Additionally, LineStar Integrity Services, a pipeline-focused security and compliance firm, was a victim of a ransomware attack by the Xing Team, a Chinese-based hacker group. This attack resulted in the release of 70 gigabytes of data on the dark web.
Technologically speaking, ransomware is insidious precisely because it can use other attack vectors to deliver a payload, so there isn’t a single point of attack. This puts many prevention efforts on the defensive trying to stop attacks through email, spoofing, injection attacks, or anything over nearly any attack surface. Modern ransomware has become adept at avoiding detection, either through using stolen credentials or, like the SolarWinds hack, sitting dormant in a system for months or years before striking.
How Are Organizations Responding to Ransomware Threats?
Ransomware isn’t going anywhere. In fact, damages due to ransomware are predicted to top $20 billion globally in damages (up from $354 million in 2015).
Security companies are working fast to counteract established and emerging ransomware attacks. To accomplish this, they are focusing on a few key areas, including
- Advanced Detection: Ransomware creators have been launching attacks with increasingly sophisticated detection-avoidance systems. Defense experts are working to study these ransomware attacks and launch countermeasures that can locate malicious agents through specific behaviors, like suspicious data backups, encryptions, or administrator actions.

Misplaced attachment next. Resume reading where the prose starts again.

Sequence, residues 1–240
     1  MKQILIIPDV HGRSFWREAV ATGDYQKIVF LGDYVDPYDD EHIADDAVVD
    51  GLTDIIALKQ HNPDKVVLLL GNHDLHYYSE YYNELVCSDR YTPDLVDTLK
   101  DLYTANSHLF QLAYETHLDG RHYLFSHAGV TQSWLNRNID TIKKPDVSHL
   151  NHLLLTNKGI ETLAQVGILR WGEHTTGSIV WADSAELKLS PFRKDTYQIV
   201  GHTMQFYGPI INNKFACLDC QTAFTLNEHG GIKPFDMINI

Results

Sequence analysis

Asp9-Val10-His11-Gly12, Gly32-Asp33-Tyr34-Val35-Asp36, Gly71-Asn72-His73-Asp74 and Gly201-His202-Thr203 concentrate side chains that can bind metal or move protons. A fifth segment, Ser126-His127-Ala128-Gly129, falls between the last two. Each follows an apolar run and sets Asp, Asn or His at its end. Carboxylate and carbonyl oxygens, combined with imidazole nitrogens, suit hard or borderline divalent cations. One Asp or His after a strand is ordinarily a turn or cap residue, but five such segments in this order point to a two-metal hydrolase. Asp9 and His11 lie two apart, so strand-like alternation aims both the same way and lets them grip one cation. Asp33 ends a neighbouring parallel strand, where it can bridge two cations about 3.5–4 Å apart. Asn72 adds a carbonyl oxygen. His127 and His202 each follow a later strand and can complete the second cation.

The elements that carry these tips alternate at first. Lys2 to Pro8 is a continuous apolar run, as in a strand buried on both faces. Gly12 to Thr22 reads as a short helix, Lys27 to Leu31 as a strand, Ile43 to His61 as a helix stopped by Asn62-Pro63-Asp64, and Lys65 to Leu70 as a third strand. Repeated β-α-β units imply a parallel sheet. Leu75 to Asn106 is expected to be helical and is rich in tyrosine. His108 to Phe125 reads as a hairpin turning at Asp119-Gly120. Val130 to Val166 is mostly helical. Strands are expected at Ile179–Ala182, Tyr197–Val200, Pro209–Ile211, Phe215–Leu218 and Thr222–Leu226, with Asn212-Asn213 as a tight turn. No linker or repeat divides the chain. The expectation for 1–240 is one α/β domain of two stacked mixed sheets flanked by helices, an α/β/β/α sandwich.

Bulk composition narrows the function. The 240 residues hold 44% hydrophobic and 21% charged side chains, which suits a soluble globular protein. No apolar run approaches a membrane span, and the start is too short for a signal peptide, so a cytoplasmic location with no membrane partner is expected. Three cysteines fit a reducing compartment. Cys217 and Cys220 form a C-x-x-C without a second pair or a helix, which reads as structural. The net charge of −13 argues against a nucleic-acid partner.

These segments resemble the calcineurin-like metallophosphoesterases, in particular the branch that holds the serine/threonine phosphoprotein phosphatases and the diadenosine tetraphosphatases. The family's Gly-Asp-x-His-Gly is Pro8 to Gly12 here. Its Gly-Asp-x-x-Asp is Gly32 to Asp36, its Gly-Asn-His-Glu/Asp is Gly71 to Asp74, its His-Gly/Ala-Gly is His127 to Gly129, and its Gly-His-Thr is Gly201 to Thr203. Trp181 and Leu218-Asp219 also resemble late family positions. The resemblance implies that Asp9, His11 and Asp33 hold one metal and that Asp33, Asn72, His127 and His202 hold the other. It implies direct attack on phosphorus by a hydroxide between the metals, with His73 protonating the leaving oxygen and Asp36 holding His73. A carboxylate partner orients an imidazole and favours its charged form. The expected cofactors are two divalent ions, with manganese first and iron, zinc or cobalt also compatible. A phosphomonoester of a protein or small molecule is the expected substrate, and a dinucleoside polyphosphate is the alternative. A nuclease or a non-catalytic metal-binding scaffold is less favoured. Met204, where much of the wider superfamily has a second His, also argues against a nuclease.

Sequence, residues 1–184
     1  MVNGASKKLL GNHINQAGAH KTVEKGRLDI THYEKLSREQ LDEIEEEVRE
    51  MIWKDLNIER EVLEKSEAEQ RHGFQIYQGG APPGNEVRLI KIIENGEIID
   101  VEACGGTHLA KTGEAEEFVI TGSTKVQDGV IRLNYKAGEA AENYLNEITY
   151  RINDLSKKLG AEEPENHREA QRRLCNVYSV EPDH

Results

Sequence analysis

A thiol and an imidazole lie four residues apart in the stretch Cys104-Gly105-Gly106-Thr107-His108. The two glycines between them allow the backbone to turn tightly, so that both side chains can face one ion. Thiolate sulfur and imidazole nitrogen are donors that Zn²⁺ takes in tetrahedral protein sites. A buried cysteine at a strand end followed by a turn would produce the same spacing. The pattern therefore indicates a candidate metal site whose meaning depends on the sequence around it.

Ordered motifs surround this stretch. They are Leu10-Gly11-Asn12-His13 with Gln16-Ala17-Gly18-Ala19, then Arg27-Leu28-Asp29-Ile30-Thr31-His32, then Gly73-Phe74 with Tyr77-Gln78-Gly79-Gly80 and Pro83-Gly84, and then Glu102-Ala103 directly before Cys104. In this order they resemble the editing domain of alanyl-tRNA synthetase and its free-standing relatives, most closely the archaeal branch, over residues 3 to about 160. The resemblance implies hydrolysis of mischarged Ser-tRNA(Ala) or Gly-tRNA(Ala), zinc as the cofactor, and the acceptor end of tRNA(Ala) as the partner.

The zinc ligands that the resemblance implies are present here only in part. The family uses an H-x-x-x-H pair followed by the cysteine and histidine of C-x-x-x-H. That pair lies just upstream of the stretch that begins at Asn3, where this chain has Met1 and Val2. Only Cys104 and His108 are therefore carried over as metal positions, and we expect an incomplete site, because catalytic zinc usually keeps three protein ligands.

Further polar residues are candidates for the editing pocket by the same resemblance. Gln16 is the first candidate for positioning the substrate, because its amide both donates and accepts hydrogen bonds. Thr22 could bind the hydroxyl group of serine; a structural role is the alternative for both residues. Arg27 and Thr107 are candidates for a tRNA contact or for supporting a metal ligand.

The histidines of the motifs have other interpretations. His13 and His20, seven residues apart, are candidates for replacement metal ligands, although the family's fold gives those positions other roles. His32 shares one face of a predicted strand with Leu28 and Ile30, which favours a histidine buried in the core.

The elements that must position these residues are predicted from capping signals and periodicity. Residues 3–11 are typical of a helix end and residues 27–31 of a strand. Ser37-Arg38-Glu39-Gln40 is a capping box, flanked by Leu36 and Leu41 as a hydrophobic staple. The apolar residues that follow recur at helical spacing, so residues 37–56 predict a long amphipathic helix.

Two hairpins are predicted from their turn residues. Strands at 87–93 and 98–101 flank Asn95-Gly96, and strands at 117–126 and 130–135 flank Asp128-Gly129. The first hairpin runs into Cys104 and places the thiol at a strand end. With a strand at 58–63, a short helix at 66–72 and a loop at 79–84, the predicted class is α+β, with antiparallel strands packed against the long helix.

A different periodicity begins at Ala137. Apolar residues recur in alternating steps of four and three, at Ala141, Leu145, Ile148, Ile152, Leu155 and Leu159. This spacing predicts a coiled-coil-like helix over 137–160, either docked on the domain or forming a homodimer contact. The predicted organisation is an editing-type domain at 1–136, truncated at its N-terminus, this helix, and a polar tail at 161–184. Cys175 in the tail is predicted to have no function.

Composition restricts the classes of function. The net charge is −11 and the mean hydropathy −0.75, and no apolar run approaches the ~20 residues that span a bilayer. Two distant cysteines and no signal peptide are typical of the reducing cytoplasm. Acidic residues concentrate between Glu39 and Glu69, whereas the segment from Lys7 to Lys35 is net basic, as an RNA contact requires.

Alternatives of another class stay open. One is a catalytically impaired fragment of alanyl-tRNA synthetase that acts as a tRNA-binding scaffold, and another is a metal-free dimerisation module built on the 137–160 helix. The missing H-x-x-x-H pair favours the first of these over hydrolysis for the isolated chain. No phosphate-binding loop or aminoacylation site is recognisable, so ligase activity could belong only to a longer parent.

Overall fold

- Proactive Ransomware Hunting: Following detection, many experts are creating advanced “hunting” software manned by dedicated security experts in an organization (or as part of a managed security service provider). These hunters can actively evaluate suspicious behavior to avoid gaps in detection and eliminate threats before they become threats.
- Better Security Training and Phishing Prevention: Phishing is still one of the largest and most costly forms of cyberattacks around. That’s because it works–many employees are not able to keep up with the ways that hackers can trick them through email, SMS or even over the phone. Modern training and awareness are going to be a major part of ransomware prevention moving forward. This also includes better warning systems for attempted phishing attacks, including advanced email warnings and filters.
- Data Backup: Many problems related to ransomware can be tied back to improper backups, or even a lack of backups for sensitive data. More organizations are turning to hybrid cloud storage and backup solutions to maximize archiving and performance, which can mitigate some or most of the damage a ransomware attack might cause.
While this list isn’t exclusive, it touches on major efforts to address ransomware moving into 2021. Typical countermeasures like anti-malware and endpoint security have been a major part of this fight for a decade and remain so today.
Stay Compliant and Secure with Continuum GRC
A basic way to approach security is to maintain regulatory compliance. With Continuum GRC, you can automate compliance and security audits for accuracy and speed, which will help you understand your security gaps and, where possible, how to close those gaps against ransomware attack surfaces.
Continuum GRC is proactive cyber security®. Call 1-888-896-6207 to discuss your organization’s cybersecurity needs and find out how we can help your organization protect its systems and ensure compliance.